– Michael
    Apr 14, 2017 at 15:09
  • $\begingroup$ @Michael Thanks! Which part of the argument exactly? $\endgroup$
    – BCLC
    Mar 23, 2018 at 8:57

1 Answer 1


(Looking at the question and notation used more closely, the formulation seems to be problematic in couple places.)

General Fact

Let $W$ be standard Brownian motion with respect to filtration $( \mathscr F_t )_{t \in [0,T]}$. Consider $(L_t)_{t \in [0,T]}$ defined by $$ \frac{dL_t}{L_t} = \psi_t dL_t, \; L_0 = 1. $$ In general, $L_t = e^{\int_0^t \psi_s dW_s - \frac12 \int_0^t \psi^2_s ds }$ is a super martingale. Under some conditions (e.g. Novikov's condition), $L_t$ is a martingale and one can define a probability measure $\mathbb{Q}$ by $$ \frac{d \mathbb Q}{d \mathbb P} = L_T. $$ Under $\mathbb{Q}$, the process $$ W^{\mathbb{Q}}_t = W_t - \int_0^t \psi_s ds $$ is a standard Brownian motion with respect to filtration $( \mathscr F_t )_{t \in [0,T]}$.

An informal indication why this is true is as follows. Consider $W^{\lambda}_t = W_t + \int_0^t \lambda_s ds$. By Bayes theorem, $W^{\lambda}$ is a $\mathbb{Q}$-martingale if and only if $L W^{\lambda}$ is a $\mathbb{P}$-martingale. Since

\begin{align*} d L W^{\lambda} &= L d W^{\lambda} + W^{\lambda} dL + dL dW^{\lambda}\\ &= L (\psi + \lambda) dt + (\cdots) dW, \end{align*} we must have $\lambda = - \psi$, for $W^{\lambda}$ to be a $\mathbb{Q}$-Brownian motion.

Discounted Price as Probability Density

The implicit assumptions are that there is a underlying asset whose price $S_t$ follows $$ \frac{dS_t}{S_t} = r_t dt + \sigma_t dW_t $$ under the risk neutral measure $\mathbb{P}$. The short rate $(r_t)$ and volatility $\sigma_t$ processes are adapted with sufficient regularity so that the integrals exist. (For this to be true, the Brownian filtration generated by $(W_t)$ under the risk neutral measure has to be the same as that generated by the physical Brownian motion under the physical measure, so that the Martingale Representation Theorem applies.)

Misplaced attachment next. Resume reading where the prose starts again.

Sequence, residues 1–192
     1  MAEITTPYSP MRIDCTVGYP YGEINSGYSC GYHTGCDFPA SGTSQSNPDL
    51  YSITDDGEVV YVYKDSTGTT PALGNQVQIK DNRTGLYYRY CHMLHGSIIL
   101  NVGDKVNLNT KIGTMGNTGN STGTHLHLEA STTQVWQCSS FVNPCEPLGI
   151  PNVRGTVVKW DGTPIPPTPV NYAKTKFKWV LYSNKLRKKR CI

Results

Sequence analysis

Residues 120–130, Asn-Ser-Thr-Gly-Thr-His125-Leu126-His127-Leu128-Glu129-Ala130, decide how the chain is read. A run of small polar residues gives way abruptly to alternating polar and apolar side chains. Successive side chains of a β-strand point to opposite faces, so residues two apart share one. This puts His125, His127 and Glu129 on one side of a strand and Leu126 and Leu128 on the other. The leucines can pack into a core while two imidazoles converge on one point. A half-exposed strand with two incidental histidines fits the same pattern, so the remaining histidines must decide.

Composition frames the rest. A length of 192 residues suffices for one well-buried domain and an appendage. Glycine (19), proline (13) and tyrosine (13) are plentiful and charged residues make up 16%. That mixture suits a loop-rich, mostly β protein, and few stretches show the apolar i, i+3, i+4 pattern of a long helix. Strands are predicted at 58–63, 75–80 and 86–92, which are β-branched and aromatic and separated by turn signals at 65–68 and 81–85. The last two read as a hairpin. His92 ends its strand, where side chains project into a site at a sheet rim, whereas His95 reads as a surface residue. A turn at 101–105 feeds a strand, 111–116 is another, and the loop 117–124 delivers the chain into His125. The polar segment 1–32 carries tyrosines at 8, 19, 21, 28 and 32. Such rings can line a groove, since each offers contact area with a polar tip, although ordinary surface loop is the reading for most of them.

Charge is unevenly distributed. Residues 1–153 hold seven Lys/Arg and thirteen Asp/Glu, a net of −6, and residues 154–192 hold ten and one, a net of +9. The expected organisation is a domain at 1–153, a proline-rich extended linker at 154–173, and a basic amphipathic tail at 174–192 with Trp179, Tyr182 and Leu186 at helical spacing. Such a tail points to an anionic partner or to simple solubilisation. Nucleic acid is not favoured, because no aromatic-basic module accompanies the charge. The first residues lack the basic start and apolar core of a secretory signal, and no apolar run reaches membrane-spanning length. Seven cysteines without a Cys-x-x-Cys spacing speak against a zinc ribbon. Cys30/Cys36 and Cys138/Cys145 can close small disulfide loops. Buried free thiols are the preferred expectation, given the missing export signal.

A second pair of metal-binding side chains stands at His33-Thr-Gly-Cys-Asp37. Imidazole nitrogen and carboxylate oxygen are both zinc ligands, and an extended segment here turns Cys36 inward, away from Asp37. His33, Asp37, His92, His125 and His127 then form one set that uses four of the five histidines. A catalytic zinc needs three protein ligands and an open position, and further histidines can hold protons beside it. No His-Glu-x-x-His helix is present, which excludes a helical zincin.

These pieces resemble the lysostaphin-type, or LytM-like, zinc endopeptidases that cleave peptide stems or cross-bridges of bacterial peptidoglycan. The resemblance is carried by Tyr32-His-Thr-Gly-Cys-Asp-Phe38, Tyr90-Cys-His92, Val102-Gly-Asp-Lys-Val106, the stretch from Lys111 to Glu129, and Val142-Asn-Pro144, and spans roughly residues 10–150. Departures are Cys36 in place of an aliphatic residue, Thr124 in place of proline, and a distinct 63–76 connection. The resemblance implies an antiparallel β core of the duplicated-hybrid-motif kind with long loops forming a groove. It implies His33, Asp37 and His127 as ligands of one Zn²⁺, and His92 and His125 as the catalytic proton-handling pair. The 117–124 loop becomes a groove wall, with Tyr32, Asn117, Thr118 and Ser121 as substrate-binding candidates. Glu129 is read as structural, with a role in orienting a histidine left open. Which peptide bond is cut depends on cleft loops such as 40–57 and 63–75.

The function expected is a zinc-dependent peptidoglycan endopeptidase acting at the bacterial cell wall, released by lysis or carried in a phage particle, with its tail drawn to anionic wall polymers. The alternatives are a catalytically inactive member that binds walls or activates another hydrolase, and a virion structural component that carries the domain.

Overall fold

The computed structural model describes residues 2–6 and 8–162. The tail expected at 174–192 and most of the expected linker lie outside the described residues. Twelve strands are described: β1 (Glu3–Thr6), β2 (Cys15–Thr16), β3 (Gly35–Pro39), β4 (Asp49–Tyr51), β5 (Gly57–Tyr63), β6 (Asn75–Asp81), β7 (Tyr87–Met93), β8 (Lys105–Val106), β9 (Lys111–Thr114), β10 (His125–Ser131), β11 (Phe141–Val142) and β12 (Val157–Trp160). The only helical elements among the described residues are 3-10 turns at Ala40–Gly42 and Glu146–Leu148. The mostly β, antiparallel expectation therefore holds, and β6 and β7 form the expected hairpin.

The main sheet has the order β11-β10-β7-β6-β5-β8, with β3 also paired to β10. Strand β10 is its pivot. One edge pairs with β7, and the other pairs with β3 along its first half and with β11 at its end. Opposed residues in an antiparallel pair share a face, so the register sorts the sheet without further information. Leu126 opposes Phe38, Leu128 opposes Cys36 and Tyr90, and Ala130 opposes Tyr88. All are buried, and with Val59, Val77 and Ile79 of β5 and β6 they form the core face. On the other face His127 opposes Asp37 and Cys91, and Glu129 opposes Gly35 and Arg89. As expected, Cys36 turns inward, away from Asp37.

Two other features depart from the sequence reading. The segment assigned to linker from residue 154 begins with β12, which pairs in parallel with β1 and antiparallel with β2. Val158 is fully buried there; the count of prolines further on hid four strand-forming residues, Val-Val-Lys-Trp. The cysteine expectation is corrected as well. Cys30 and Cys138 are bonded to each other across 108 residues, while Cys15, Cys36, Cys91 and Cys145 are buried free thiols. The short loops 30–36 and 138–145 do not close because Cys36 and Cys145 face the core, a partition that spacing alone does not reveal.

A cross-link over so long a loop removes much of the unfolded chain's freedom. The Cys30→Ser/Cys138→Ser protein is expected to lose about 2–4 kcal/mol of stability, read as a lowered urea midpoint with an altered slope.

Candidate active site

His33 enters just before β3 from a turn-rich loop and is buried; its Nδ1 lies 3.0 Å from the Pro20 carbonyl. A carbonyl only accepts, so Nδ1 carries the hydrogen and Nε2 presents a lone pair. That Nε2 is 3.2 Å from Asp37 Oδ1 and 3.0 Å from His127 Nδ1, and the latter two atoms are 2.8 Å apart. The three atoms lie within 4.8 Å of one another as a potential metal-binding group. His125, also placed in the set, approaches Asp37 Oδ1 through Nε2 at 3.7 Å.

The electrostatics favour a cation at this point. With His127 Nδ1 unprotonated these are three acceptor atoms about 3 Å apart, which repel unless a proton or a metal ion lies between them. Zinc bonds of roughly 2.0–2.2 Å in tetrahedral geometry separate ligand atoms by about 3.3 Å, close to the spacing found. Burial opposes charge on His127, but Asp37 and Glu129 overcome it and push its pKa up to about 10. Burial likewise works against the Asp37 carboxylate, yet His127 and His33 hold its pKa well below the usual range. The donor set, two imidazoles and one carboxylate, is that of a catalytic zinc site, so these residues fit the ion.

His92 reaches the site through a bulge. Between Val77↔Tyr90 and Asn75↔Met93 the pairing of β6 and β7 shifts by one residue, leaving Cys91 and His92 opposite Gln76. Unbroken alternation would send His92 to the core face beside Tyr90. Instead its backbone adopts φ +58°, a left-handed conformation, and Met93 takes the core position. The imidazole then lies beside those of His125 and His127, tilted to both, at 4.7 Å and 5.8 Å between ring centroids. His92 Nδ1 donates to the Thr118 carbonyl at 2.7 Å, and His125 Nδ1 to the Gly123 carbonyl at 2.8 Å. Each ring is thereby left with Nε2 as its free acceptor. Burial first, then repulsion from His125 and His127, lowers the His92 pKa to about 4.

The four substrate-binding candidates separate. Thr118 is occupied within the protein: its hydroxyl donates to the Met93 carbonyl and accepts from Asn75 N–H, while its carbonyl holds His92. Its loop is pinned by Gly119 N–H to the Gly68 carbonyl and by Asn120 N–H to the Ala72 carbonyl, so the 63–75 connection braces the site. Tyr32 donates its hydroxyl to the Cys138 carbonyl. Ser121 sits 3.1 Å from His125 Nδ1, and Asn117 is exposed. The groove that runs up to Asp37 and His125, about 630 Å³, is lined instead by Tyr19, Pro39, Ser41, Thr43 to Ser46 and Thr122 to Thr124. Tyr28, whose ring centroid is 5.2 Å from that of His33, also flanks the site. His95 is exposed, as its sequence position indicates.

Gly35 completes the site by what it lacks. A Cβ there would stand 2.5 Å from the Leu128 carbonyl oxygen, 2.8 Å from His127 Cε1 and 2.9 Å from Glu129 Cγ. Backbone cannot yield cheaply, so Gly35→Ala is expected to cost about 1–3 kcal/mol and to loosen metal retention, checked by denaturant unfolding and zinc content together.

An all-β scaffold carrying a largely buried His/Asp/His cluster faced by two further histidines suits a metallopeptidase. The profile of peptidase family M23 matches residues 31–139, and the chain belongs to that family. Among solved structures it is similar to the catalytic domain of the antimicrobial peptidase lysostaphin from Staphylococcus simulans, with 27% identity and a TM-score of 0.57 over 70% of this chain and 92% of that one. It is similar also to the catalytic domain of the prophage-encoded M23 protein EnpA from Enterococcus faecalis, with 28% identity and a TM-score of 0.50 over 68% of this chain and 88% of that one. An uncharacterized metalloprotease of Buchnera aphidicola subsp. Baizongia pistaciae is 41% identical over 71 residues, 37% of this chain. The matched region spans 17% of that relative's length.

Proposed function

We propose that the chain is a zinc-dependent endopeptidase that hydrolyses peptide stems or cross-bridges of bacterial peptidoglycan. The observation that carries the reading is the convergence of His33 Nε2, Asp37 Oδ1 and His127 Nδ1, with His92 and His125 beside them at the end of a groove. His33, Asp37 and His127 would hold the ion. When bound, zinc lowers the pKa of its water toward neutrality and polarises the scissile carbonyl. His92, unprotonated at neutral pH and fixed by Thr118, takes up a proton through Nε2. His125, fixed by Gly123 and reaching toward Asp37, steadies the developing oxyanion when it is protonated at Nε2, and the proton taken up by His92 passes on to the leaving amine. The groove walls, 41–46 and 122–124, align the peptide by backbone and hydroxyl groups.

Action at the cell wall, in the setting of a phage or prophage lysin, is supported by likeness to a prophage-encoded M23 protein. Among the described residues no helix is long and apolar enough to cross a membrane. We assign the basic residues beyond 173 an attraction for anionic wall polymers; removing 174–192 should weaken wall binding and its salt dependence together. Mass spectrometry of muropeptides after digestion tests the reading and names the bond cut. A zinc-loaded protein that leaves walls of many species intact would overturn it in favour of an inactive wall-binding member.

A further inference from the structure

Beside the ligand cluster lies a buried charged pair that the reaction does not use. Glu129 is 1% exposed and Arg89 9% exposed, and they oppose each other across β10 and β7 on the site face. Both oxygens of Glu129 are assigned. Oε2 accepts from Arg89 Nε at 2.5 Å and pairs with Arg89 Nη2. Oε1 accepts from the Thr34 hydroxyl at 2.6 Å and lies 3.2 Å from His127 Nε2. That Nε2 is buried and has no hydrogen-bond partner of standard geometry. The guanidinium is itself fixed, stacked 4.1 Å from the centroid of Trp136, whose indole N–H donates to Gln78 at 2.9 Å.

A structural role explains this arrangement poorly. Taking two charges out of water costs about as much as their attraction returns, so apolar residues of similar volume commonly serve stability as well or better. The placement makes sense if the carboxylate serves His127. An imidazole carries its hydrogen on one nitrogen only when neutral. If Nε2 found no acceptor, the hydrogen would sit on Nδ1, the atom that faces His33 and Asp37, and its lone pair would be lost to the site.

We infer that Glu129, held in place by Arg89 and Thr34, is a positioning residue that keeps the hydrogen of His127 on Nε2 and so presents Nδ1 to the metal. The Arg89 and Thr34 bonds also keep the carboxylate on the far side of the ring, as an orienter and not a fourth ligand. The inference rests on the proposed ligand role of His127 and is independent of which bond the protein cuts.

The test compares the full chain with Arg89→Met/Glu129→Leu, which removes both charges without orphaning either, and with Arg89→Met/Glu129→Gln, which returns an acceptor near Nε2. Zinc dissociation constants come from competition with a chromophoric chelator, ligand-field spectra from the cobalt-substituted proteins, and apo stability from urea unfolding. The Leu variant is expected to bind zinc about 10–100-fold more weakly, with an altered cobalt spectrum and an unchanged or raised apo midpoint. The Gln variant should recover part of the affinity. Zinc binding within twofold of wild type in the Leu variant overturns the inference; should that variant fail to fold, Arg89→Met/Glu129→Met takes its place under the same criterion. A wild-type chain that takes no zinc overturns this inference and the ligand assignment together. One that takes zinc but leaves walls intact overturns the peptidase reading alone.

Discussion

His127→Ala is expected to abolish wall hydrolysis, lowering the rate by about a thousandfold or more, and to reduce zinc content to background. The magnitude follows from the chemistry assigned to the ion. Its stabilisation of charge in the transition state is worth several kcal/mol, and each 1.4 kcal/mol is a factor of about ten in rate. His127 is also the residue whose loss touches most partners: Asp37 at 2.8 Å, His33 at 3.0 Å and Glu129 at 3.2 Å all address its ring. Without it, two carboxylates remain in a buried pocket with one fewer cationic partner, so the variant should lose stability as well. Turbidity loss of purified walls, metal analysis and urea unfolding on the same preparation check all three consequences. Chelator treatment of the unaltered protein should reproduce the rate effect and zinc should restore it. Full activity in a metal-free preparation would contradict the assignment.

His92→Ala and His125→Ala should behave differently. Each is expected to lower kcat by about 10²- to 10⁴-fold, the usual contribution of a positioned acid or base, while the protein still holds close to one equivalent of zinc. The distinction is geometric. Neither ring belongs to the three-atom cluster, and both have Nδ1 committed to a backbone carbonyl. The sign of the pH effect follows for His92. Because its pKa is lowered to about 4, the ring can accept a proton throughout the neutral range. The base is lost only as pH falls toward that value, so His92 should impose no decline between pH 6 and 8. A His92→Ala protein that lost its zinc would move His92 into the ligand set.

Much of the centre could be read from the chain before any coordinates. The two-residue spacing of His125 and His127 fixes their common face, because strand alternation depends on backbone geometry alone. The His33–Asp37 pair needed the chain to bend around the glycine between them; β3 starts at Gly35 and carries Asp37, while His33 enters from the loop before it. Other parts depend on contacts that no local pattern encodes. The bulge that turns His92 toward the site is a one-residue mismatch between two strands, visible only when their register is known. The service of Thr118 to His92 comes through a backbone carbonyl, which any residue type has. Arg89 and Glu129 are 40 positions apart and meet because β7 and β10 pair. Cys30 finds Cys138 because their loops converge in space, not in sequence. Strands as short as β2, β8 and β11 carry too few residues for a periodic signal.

In this Brownian filtration setting, for any time-$T$ claim $X_T$, the risk-neutral dynamics of its price $X_t$ takes the form $$ \frac{d X_t}{X_t} = r_t dt + \psi_t dW_t. $$ The process $(\psi_t)$ is the volatility of return of $X_t$, under both the physical and risk-neutral measure.

In other words, the risk-neutral dynamics of the discounted price $M_t = e^{- \int_0^t r_s ds} X_t$ is given by $$ \frac{d M_t}{M_t} = \psi_t dW_t, \, M_0 = X_0. $$ (The discounted price of any $T$-claim must follow a martingale under risk neutral measure, by no arbitrage.)

If Novikov's condition holds, then $L_T = \frac{M_T}{M_0}$ defines a Radon-Nikodym density $$ \frac{d \mathbb Q}{d \mathbb P} = L_T. $$ Under $\mathbb{Q}$, the process $$ W_t - \int_0^t \psi_s ds $$ is a standard Brownian motion with respect to filtration $( \mathscr F_t )_{t \in [0,T]}$.